Governments’ continued crypto crackdowns and regulations seem to be having the opposite effect as their citizens rush to be part of the digital currency revolution.
In most cases, being denied something makes you actually want it even more, especially when that something has grown by over 1,700% in less than a year.
This definitely seems to be the case for Bitcoin. According to Bloomberg, trading in the digital currency increased exponentially more in countries with developing economies than their more developed counterparts, although the volume of trading was far less.
A Possible Reason for This Growth
The common denominator for this surge: these countries have been harsh with their criticism of, and regulations with regard to, Bitcoin and the crypto industry in general.
Central banks in both China and Russia have banned local exchange trading. The Venezuelan government has put strict regulations in place against Bitcoin mining, while Brazilian and Colombian citizens have been receiving cautionary tales of the dangers of crypto.
Spencer Bogart, who is the head of research at Blockchain Capital LLC in San Francisco, had this to say:
The strong interest from emerging-market countries could be reflective of relatively less stable local currencies or a byproduct of greater exposure to financial and economic crises that makes an alternative system like Bitcoin relatively appealing.
His comments make sense as cryptocurrencies don’t have anyone to answer to. There are no banks, governments, or single entities in charge that can force digital currencies to conform to any sort of process. It also offers a global currency option for users.
In addition, because Bitcoin has a cap of 21 billion bitcoins, inflation is a non-issue. Unlike fiat currency, the government won’t be able to print more bitcoins, which would increase inflation.
Phenomenal Growth in Emerging Markets
According to data on LocalBitcoins, peer-to-peer trading grew by more 2,000% in China, almost 200% in Russia, and approximately 20% in the US.
Countries south of the equator don’t want to be left out in the crypto cold either. LocalBitcoins shows an almost 1,500% increase in Nigeria’s peer-to-peer trading, which could be as a result of the country’s naira weakening by 12.4% this year. Venezuela saw growth of nearly 1,000%. Reasons for this include high levels of inflation that has resulted in a weaker local currency, as well as governments tightening their purse strings on access to the US dollar.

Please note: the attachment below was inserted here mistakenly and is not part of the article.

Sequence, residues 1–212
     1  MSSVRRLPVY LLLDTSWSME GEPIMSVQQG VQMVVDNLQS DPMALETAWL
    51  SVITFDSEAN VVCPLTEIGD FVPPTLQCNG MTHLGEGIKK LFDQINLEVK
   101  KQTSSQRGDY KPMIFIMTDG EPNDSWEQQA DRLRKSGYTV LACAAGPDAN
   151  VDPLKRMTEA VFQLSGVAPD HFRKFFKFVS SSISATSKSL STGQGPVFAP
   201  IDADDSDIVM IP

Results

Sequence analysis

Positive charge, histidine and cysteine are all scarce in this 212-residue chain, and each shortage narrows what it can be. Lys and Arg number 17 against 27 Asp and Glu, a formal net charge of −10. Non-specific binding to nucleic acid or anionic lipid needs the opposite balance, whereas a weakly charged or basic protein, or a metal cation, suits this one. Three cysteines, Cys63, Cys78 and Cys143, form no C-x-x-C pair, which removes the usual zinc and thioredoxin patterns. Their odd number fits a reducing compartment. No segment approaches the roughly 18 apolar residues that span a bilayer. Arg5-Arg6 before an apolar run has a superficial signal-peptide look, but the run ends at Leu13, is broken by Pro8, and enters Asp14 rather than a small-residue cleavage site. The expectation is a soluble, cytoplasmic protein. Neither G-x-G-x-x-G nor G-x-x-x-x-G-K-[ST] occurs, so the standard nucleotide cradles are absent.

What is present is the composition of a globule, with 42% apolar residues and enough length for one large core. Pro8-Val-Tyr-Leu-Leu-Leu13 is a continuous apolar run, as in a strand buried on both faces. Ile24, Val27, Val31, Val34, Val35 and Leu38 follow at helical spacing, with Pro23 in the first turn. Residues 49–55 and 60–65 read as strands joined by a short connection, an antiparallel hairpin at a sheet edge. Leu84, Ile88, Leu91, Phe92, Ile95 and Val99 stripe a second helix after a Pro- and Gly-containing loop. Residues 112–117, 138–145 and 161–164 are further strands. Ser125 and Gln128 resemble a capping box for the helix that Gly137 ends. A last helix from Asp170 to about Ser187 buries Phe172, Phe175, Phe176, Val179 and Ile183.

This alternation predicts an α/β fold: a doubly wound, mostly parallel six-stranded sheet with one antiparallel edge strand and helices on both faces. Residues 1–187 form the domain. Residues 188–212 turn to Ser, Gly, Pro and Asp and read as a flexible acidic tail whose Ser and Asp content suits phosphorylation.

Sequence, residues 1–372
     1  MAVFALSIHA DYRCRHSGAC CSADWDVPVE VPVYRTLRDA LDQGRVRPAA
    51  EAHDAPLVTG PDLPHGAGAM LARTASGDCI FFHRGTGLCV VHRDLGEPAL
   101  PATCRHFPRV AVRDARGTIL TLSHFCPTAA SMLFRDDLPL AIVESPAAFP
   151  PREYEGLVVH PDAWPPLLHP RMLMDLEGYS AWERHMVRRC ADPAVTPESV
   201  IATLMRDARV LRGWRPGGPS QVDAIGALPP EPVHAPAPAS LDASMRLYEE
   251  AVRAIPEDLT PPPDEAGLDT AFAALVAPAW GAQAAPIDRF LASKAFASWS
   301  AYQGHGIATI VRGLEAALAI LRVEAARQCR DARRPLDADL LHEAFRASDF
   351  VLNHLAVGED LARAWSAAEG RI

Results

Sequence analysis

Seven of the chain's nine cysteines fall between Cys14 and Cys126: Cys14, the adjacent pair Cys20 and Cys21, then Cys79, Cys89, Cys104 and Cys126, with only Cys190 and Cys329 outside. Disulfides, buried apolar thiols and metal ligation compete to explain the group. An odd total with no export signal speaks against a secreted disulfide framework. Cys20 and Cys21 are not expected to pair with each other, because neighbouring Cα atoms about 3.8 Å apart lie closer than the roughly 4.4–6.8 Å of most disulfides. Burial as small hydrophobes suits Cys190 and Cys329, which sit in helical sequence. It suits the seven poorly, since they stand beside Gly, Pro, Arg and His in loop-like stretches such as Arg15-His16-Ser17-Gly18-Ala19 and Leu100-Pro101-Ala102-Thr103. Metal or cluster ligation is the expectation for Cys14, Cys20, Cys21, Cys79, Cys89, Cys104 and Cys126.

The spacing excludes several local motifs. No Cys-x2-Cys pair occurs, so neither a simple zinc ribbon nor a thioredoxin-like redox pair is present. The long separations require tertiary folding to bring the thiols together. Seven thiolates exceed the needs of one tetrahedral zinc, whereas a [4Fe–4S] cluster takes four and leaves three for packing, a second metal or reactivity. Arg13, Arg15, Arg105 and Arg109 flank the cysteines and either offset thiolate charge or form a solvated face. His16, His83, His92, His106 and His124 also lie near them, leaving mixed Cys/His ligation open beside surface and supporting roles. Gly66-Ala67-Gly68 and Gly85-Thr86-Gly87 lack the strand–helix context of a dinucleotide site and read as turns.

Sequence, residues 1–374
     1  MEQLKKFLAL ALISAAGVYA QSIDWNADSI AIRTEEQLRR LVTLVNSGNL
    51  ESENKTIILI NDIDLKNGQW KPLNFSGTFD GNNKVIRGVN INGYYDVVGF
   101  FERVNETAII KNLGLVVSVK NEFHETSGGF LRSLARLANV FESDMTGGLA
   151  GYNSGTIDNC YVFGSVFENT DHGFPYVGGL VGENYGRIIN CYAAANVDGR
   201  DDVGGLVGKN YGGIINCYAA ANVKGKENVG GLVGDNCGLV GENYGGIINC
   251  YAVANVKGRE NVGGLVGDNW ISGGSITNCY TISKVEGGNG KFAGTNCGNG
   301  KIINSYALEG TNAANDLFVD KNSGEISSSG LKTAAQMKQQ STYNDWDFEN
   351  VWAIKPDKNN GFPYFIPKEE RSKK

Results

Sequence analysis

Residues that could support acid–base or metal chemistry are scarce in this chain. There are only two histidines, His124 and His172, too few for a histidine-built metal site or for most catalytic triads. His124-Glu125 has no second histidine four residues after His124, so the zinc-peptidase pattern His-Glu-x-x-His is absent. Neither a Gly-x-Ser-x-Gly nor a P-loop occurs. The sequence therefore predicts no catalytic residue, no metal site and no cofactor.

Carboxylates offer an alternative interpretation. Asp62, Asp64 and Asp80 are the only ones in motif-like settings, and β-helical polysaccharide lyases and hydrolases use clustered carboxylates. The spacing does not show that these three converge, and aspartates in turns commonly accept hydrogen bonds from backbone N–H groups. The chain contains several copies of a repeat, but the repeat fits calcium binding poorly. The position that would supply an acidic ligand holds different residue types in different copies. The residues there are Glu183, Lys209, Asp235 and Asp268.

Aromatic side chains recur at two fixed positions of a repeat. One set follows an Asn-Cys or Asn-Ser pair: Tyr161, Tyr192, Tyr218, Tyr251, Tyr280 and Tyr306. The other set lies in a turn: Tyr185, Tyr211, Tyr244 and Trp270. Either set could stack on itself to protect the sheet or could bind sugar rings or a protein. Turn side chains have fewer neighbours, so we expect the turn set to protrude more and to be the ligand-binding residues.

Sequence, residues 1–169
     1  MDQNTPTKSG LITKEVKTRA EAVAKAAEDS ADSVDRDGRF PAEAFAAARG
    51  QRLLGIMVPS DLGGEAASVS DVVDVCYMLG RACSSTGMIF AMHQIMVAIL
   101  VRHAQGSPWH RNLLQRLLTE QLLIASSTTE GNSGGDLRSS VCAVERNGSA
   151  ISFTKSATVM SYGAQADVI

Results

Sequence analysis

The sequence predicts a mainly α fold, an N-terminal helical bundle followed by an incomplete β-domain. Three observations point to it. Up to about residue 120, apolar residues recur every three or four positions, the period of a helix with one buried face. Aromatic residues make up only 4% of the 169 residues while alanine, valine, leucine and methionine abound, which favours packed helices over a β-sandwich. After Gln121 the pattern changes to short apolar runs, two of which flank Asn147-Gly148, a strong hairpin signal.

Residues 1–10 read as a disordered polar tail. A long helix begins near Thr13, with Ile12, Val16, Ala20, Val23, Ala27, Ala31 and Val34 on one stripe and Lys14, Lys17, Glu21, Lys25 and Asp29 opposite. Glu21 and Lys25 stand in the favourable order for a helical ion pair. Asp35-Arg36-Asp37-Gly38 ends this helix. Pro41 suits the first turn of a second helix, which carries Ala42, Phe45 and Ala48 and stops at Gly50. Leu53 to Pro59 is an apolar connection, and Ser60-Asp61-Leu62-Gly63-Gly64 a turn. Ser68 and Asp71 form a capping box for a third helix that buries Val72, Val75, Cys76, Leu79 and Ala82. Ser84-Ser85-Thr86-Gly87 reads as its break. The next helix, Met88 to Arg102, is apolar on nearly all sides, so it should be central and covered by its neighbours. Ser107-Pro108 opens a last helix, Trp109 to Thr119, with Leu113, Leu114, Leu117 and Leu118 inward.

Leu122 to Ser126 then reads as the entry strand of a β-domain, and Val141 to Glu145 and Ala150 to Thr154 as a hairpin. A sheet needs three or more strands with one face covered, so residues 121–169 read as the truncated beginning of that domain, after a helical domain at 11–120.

This growth resulted in a trading volume of about $115 million for Nigeria and $50 million for Venezuela. Even though the trading volumes of these developing markets are increasing, China and Russia combined still account for approximately 40% of the market.
Depending on the country, the price of a single Bitcoin can differ drastically. In Nigeria, it was trading at over 15% more than in the US. An increased price was also evident in Russia and Argentina, while Colombia, Singapore, and Brazil actually saw a lower price.
No Bitcoin for You
Back to wanting what you can’t have. Last month, Brazil’s central bank said:
[Cryptocurrencies] are neither issued nor guaranteed by any monetary authority, there is no guarantee that they can be converted to a sovereign currency and they are not backed by any kind of real asset.
Something to note: peer-to-peer trading in Brazil increased by 450% this year.
Columbia had similar comments and added that cryptocurrency disrupts financial stability. However, the country’s peso had depreciated by over 3% in as many months. That doesn’t sound very stable.
Turkey and India have also warned its citizens about the supposed dangers that crypto offers.
Cause and Effect
Even though it seems as if government regulations are what’s driving Bitcoin’s popularity and price, it could be the result rather than the cause. People could be buying more crypto to circumvent their government’s cash controls, which in turn results in said government putting regulations in place.
However, the disruptive nature of decentralized digital currencies is definitely a concern for traditional currencies. Simon Quijano-Evans, an emerging-market strategist at Legal & General Investment Management Ltd., said:
Cryptocurrencies stand as a potential challenge to the millennia of confidence-building measures that have gone into the construction of fiat currency.
This is most likely the reason that these developing countries are aggressively working towards a total cryptocurrency crackdown. However, this seems to result in an equally aggressive, and continued, increase in the popularity and price of digital currencies.
However, it’s not just negative press that could be responsible for this increase. Bitcoin’s growing futures market has also helped the price rise, with it surpassing the $17K mark once CBOE started trading their Bitcoin futures. CME will start trading on the 18th of December, with Nasdaq launching their product next year.
Do you think government crackdowns are what’s driving the crypto price up in some countries? Let us know in the comments below!
Images courtesy of Shutterstock, Bloomberg, and Bitcoinist archives.